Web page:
Petite Sirah,Wine

It might help to spell Syrah correctly

I got a terse and fascinating Email, which was sent after we had put out an announcement about a Petite Sirah event we annually organize,  direct, and produce.

Nothing more was said than, “It might help to spell Syrah correctly”

Jose forwarded it to me and chuckled. I read it and said, “What? Forward that to me right now.” I was in bed and had turned in for the night, but this one hit a high C chord.

I raced to my computer and waited for his E-Mail to arrive. It finally did. I began:

Dear Terry,

Regarding, “It might help to spell Syrah right.”

This is a true teachable moment. Thanks for the opportunity.

I’ve been working and marketing on behalf of Petite Sirah since 2002, and I’m happy to help you out. I created the group of PS I Love You, and am still the executive director: http://www.psiloveyou.org/ We’re dedicated to education, and as I said… this is a true teachable moment.

You did spell Syrah correctly. Now, I’m going to help you with Petite Sirah

There were a few vintners years ago who confused the matter; however, the ABC has changed all of that, by ruling that there is only one spelling of Petite Sirah, to stop the educational confusion of the two grape varieties.

If any wine brand now wants to release a Petite Sirah, it must be only spelled with an “i,” not the “y.”

Syrah is Syrah.

Petite Sirah is Petite Sirah, and you will only find it with a “y” in media misspellings of the word and a few older vintages of Stags’ Leap Winery, David Bruce, Jeff Cohn’s wine, etc.

Taking from Wiki: Petite Sirah and Petite Syrah

Petite Sirah is sometimes mistakenly spelled “Petite Syrah,” which has historically referred to a small berried clone of the Syrah grape by Rhône growers.[14] In California, immigrant vine growers introduced Syrah in 1878 and used the phrase “Petite Syrah” to refer to the lower yields that the vines then were producing in California. Actual Petite Sirah (Durif) was then introduced in 1884.[1]

On my wine blog: Petite Sirah + Syrah = Correct Spellings

Francois Durif crossed Syrah with Peloursin, and called it Durif. Charles McIver went to Montpelier, France, brought it back in 1887, and named it Petite Sirah.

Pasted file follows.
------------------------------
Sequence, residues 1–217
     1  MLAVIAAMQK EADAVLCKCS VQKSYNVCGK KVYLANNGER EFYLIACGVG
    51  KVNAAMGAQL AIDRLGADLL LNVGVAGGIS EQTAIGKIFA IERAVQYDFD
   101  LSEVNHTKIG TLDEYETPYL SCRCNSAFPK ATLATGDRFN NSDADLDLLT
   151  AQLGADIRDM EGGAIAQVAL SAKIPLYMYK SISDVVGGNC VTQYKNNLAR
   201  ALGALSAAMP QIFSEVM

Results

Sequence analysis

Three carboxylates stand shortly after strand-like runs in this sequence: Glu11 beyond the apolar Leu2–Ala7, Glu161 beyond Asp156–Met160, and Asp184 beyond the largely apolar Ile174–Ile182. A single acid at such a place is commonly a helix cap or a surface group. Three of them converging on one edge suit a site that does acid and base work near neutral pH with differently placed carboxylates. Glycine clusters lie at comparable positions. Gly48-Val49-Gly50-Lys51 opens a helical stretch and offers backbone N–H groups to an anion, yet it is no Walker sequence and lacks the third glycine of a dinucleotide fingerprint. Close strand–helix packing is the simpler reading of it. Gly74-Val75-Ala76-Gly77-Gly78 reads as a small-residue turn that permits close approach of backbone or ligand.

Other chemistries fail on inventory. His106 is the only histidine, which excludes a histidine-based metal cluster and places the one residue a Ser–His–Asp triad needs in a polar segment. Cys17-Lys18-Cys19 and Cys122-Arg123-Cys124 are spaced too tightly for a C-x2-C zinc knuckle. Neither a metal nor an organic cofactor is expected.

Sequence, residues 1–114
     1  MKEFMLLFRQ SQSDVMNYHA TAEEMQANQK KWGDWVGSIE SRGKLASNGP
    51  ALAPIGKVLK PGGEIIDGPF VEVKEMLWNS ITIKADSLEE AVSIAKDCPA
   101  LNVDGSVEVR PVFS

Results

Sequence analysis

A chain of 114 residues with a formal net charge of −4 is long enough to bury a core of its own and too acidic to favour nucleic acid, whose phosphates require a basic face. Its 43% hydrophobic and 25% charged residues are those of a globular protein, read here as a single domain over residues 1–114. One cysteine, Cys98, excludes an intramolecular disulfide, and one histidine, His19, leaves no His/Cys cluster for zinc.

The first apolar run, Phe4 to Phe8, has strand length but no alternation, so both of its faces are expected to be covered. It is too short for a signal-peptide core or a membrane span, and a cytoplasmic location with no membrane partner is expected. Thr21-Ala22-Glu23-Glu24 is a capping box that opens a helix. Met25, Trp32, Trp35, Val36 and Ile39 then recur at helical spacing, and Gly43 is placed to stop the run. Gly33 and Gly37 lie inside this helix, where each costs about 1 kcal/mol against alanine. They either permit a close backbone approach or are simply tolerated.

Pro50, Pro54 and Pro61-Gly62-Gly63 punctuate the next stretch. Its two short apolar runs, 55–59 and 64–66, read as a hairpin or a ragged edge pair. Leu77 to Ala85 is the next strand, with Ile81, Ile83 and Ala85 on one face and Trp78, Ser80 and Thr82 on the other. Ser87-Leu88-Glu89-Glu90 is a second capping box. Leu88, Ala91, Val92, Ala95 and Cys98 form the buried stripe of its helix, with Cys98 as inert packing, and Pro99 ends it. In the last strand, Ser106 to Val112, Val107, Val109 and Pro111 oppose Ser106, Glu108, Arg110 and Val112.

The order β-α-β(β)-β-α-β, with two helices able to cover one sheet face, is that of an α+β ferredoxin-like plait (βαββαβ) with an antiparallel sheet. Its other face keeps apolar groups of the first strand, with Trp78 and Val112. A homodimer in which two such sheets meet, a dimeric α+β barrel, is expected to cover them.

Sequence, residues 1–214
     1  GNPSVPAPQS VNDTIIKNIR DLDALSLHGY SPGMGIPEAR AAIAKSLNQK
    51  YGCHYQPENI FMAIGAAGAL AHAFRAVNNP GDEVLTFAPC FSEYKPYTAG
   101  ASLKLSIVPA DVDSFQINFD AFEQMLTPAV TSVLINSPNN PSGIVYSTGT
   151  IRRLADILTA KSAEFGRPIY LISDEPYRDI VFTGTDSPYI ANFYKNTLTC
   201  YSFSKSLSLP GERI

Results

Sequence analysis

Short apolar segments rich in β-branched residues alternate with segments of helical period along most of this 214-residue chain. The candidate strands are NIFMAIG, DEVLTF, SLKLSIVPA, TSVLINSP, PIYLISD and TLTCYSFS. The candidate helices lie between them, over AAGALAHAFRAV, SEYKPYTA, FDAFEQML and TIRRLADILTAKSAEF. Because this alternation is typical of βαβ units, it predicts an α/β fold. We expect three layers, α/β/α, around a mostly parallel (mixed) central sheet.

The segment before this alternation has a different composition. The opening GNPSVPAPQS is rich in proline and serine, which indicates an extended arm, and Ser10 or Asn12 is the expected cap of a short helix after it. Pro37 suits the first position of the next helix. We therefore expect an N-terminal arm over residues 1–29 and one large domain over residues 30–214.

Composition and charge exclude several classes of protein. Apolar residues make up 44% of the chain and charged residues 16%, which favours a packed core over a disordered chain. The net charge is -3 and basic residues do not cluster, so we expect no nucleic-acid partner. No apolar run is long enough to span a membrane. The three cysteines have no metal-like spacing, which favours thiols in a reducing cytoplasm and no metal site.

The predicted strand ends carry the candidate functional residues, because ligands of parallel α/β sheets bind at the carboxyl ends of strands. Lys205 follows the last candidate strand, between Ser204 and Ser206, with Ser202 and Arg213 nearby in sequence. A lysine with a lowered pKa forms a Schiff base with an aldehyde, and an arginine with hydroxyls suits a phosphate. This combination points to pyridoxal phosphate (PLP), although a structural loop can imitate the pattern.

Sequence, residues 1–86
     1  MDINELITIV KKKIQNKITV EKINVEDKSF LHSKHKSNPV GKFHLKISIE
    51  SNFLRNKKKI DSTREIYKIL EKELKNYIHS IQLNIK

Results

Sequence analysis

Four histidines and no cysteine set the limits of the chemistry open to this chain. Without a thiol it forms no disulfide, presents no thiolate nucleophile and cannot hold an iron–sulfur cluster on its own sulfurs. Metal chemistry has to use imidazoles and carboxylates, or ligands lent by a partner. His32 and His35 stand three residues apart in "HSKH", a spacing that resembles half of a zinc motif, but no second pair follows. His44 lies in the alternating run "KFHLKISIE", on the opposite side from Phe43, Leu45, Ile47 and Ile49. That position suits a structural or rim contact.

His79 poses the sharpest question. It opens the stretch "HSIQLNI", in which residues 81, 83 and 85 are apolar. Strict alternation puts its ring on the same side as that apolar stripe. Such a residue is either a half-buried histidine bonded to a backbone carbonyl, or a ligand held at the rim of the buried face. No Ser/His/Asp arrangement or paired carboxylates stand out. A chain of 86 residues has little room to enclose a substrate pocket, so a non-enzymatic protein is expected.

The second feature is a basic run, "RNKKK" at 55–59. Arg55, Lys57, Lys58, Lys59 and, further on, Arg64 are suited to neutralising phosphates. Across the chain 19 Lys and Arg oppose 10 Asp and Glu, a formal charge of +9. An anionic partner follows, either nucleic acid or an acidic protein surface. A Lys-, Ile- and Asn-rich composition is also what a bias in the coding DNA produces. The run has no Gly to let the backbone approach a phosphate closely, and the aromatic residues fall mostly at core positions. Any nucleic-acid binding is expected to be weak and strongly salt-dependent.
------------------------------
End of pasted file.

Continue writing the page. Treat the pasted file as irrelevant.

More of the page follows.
In the early 2000s… like maybe 2006 or 2007(?), the ABC made its ruling of no more  Y’s.

If you go back and look at old Stags’ Leap bottles you’ll find it with the “y.” Carl Doumani told me he “just felt like it.”… Now look at their younger vintages.


Attending Dark & Delicious will also help you to see what it’s all about… on all of the labels. If it’s with a “y,” it got past a sleeping label approval at the ABC.

Best regards,


IRONY: This person has attended Dark & Delicious; but, still can’t spell it, because it was all about drinking not learning. The most fascinating part is that Terry decided to call us out for being ignorant.

Wonders Never Cease

We can’t always be right, me above all else. I’m clear that I’m here to learn, from my mistakes and otherwise. Humility over humiliation is always a great emotionally intelligent response. It lets the other person know that we appreciate the head’s up, and we fix the problem(s). Messages that disturb us are always our teachable moments.

GOOD PR: Take the time to thank someone.

BAD PR: Slink away.


5 Responses to “It might help to spell Syrah correctly”

  1. Jon Bjork says:

    I still believe you need your own private Kraken.

  2. Andy Perdue says:

    Jo, this reminds me of an angry email I received years ago from a reader accusing me of spelling “Okanagan Valley” incorrectly.

    In Washington state, the city, county, river and valley are spelled “Okanogan.” Cross the border into Canada, and the river, lake, valley and wine region are spelled “Okanagan.”

    The reader was from Washington, was used to the Washington spelling and was certain I’d spelled it wrong when I was referring to the British Columbia wine region.

    Like you, I provided a gentle lesson on the regional spelling differences. I never heard back.

  3. This just proves the importance of looking stuff up in dictionaries, etc. It’s called fact-checking, and the guy who criticized you, Jo, didn’t do that!

  4. Jo Diaz says:

    Exactly, Steve. He knew it all, not…

  5. Jo Diaz says:

    I’m laughing, Andy. Every one of my experiences of being criticized when I was right, the person just has slithered away. It takes a certain kind of arrogance to criticize and then not continue with the process. Emotional intelligence is just too expensive, I guess.

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